Singing Vocabulary 🔤 🎵

Singing Vocabulary 🔤 🎵

Have you heard what kind of terms singers use at their practices? Some singing teachers may use clear adjectives like “louder louder!” but often formal singing vocabulary is used. Singers may perform “licks” or sing “vibrato”. Maybe we should think what they mean. 😯

Singing Vocabulary

Let’s learn a few singing terms! Formal singing vocabulary is not usually heard at karaoke parties but maybe you could show off a bit with these anyway. 😉 Also, when you watch some TV programs with a music theme, you can hear these terms. For example coaching in The Voice can include a lot of weird words which need translating. Maybe it’s useful to know these terms:

Terms concerning voice pitch

When the singing teacher is asks the singers to divide into groups, it’s good to know your place. Classic voice categories are defined by the range of singers vocal capability and they are from the highest to lowest: soprano, mezzo-soprano, alto, tenor, baritone and bass. Other sub-categories can be added when the group has for example especially high-pitched male voices or low female voices. These categories are called falsetto and contralto. More about the most common voice classifications can be read from our Vocal Ranges blog post. Sometimes falsetto is used as describing a head voice of male singer, which means that the voice arises from the singer’s head. It’s easy to imagine Justin Timberlake reaching those high notes! When singers speak about chest voice, they are speaking about singing of the lowest notes. These both voices are called vocal registers, you can learn more about them in this video:

Technique vocabulary

You may have noticed that some singers use different kind of articulation techniques. A glottal can be recognized when the singer creates a clear-cuts detachments of the vowels. Glottal’s opposite is called diphthong and that is heard when singer is singing gentle and gradual vowels. Other essential term is phrasing and with that singers give a bit life to the song by singing with expressions. Without phrasing, the singing sounds monotonous or maybe even robotic. Singers have to remember to breath while singing. It’s important to control breathing techniques, for example sustaining and staggered breathing. With sustaining the singer’s sound stays consistent throughout a phrase. Staggered breathing is for long phrases meaning that singers have to take short breaths for creating an unbroken and long sound.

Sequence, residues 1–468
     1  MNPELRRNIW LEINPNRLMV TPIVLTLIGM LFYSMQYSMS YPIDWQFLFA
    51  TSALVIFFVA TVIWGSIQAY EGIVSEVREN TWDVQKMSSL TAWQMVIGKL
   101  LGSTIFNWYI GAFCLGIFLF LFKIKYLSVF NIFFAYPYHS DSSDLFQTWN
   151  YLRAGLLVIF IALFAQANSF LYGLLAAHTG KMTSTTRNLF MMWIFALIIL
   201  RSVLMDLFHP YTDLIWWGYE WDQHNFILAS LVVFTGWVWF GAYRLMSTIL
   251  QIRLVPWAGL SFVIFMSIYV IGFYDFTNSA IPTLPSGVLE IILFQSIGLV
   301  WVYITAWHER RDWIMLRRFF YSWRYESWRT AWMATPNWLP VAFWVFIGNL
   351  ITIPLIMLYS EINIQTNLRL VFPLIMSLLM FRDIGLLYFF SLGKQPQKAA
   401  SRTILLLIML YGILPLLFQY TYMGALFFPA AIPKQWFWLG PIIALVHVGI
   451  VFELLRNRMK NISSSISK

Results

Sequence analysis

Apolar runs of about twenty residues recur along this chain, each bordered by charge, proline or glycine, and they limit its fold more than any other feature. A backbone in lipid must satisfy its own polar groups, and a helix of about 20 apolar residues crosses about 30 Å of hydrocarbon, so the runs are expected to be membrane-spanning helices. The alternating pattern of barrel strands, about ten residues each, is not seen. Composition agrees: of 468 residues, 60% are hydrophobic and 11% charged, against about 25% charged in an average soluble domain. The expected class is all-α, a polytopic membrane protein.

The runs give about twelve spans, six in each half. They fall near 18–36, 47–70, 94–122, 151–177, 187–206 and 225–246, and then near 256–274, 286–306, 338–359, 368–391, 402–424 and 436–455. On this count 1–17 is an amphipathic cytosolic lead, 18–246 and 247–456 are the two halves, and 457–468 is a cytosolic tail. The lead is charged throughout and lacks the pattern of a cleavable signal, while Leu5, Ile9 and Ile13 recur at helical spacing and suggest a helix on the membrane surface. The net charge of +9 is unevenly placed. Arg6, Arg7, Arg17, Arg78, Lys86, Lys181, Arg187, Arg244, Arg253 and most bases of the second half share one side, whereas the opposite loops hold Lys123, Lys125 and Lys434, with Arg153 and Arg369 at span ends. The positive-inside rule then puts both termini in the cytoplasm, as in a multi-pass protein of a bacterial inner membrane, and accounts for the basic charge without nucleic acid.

Other singing words

Have you wondered what’s the term for singing a quick drop from a very high note to low one, like Christina Aguilera? It’s called a run. Another Christina’s cool singing trick is called a lick and it stands for singing a very short solo which is sung during a little break. Talented singers also use vibrato in their performances and maybe you have a hunch of the meaning. Vibrato makes singing more dramatic by changing the pitch of the music. When I’m thinking vibrato, Adele’s singing pops to my mind immediately:

Were these terms familiar to you already? If not, don’t worry! You will manage without any knowledge of singing vocabulary at karaoke. Just choose your song and give it a try! You are not in the music class so don’t worry about phrasing or runs. But if someone tells that your belting sounds amazing, you can now proudly accept those compliments and understand the issue. 😎


– Mirror’s article about singing terms used in The Voice:
– Musical U’s article about singing vocabulary:

SingOn Ltd. is a Finnish company which was founded in 2009. It has previously developed a web browser based service called and karaoke service for PlayStation 3. Karaoke Game mobile application is part of SingOn brand having the special lyrics display that shows melody’s pitch with letters so singer can read the lyrics and learn songs’ melodies at the same time. This makes it possible to learn new songs notably faster than with classic karaoke’s lyrics display! Read more from our App and FAQ sites. Free mobile karaoke app is available on App Store, download it now!

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